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Old 06-23-2013, 09:31 PM
87flatbed350 87flatbed350 is offline
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Join Date: Jun 2013
Location: Kingman, Az
Age: 30
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Vehicle: 1987 Dodge Ram D350
Color: White
Engine: 1981-1988 360ci (5.9L) LA V8 170hp
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Originally Posted by Gen1dak View Post
I'd definitely make sure that fuel return line is hooked up (return back to the fuel tank). The mechanical pump will serve as an effective pressure limiter to the electric pump, so it's probably not flooding from excess volume, unless the fuel return line is capped and the fuel has nowhere to go. Possible the idle speed screw bleeds could be fouled. Start at a high idle. There are 2 screws on the front lower section of the carb. Gently flush them down, then unscrew 1.5 complete turns. Start up, get up a high idle around 1500rpm, then take one screw and slowly screw in 1/2 turn. Engine rpm should vary slightly. Then return to original spot. Now unscrew another 1/2 turn, meaning 2 total turns. Better or worse? Leave it where it's best and repeat with the other screw. What you are looking for is where rpm will rise to highest point in response to adjustment. If one or both are bad, you can screw in or out and it'll basically make no difference. One might work, and the other is like being a dumb post, totally useless. If that happens, you have a problem. Could be internal damage, or possibly just crud. If you see improvement, take a test drive on the new settings. I'm thinking you do have a fuel delivery issue. The electric could be failing and needs time to cool off as you indicated earlier. The tandem pump thing was used, usually to help maintain good fuel supply (and combat vapor locking fuel lines), not that it was needed with a healthy factory system. Sounds like they were having issues when they added that. Hate to say it but unless you can verify adequate fuel supply, I'd scrag both pumps for new ones, mechanical first, then electric if needed. I would test a new mechanical with the electric removed and the line spliced, otherwise the possibly dead electric could restrict flow. I'm in South Mississippi. We know hot weather too. Only time I ever experience vapor lock was when I had a temporary 383 in my first car ('69 Charger). It came with a 318 which was being rebuilt, but I needed the car so a well-worn 383 went in. The extra heat from the exhausts was an issue. A little aluminum foil around all the rubber line solved it (no return lines on cars that far back). It'd cut out and I'd have to wait for it to cool off to continue on. Also, once the 318 was back in, it eventually got topped with an Edelbrock 750 AFB. The aluminum body rejects heat several times quicker than steel. Fuel percolation was never an issue. Not to say it can't happen, just sayingit's much more likely a hot spot on a fuel line.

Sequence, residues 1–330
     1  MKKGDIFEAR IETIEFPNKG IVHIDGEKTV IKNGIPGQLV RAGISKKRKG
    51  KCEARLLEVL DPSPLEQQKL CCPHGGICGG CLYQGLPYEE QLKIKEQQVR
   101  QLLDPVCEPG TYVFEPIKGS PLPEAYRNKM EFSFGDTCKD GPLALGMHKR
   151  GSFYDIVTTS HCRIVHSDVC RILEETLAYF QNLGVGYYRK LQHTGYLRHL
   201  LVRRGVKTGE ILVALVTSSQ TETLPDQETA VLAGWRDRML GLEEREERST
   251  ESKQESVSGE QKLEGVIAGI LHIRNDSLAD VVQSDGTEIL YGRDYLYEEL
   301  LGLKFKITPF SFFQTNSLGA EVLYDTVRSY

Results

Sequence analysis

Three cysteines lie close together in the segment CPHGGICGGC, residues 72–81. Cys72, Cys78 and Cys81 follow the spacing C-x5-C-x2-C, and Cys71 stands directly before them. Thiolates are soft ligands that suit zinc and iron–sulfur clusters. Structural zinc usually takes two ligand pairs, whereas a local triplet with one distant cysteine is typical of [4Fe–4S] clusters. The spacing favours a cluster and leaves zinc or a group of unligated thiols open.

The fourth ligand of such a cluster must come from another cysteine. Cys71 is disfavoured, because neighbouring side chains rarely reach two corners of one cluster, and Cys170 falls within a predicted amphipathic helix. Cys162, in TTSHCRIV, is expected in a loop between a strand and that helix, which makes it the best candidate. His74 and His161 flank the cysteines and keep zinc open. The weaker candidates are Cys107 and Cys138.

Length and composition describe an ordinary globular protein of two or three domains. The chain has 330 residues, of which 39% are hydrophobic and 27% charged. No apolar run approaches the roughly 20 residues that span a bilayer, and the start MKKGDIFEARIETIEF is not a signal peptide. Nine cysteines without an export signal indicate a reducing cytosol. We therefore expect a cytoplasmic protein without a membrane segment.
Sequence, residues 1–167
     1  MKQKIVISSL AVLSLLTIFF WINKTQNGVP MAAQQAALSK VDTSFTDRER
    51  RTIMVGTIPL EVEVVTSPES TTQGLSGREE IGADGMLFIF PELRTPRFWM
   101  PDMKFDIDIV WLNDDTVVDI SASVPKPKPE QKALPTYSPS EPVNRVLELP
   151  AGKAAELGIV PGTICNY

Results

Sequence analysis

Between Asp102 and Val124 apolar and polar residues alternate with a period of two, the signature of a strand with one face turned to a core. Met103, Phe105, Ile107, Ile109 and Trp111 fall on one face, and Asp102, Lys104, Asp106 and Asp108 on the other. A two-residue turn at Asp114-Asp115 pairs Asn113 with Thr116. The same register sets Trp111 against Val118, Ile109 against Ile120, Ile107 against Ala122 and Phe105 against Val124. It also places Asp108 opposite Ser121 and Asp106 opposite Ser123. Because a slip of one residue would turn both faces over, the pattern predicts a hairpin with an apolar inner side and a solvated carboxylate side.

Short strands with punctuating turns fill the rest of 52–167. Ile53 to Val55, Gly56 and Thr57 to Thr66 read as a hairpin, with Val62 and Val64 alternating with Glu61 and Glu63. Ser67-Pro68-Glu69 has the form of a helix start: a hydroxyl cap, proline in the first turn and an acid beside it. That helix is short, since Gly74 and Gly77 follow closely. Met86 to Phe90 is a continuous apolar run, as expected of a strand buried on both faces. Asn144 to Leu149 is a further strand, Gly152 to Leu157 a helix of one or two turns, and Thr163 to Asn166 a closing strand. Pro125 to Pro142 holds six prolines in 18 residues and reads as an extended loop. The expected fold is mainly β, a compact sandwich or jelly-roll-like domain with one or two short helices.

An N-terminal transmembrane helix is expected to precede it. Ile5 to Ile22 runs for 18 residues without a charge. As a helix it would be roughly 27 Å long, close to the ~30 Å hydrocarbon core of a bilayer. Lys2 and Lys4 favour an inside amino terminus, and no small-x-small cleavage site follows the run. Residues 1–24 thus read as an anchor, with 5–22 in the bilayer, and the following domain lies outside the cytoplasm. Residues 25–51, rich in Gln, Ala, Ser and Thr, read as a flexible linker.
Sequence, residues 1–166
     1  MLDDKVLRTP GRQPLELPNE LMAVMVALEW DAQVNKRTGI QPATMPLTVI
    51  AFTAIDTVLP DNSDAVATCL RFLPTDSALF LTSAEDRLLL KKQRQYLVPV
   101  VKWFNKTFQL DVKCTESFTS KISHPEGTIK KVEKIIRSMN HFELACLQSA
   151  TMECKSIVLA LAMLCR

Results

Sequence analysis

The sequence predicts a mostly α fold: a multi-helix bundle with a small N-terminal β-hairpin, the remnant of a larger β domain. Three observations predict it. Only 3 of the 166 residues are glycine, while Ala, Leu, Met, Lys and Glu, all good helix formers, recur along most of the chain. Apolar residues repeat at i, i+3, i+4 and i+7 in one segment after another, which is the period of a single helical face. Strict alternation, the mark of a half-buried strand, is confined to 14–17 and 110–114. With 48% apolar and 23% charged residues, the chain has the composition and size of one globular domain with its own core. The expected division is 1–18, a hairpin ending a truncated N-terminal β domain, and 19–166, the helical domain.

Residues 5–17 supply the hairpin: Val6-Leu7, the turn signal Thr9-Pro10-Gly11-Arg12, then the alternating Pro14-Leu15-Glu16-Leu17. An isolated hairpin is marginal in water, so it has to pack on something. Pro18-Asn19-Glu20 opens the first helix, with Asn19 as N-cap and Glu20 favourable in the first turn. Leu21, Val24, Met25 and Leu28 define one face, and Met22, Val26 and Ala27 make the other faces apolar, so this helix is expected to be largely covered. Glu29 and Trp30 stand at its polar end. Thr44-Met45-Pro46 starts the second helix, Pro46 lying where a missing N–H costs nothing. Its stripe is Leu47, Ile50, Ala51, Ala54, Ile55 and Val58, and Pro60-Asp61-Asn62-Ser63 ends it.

Ironically enough after a dump run one day, the truck started sputtering and dying out when we hit a hill, and upon inspection of the hoses under the hood, there was a piece of tubing coming off the fuel filter that was just shot, it was easily pinched by hand, and had basically just collapsed internally. We replaced that and figured out that a couple of vacuum lines that were part of the vapor canister system weren't even hooked up, after hooking all that up, it started up and pulled the last three hills home with almost no problems, but it is back to running like crap once it heats up. I'm going to try wrapping the fuel lines in foil to see if that helps along with the carb tune and ignition coil, I'll be doing that tomorrow.
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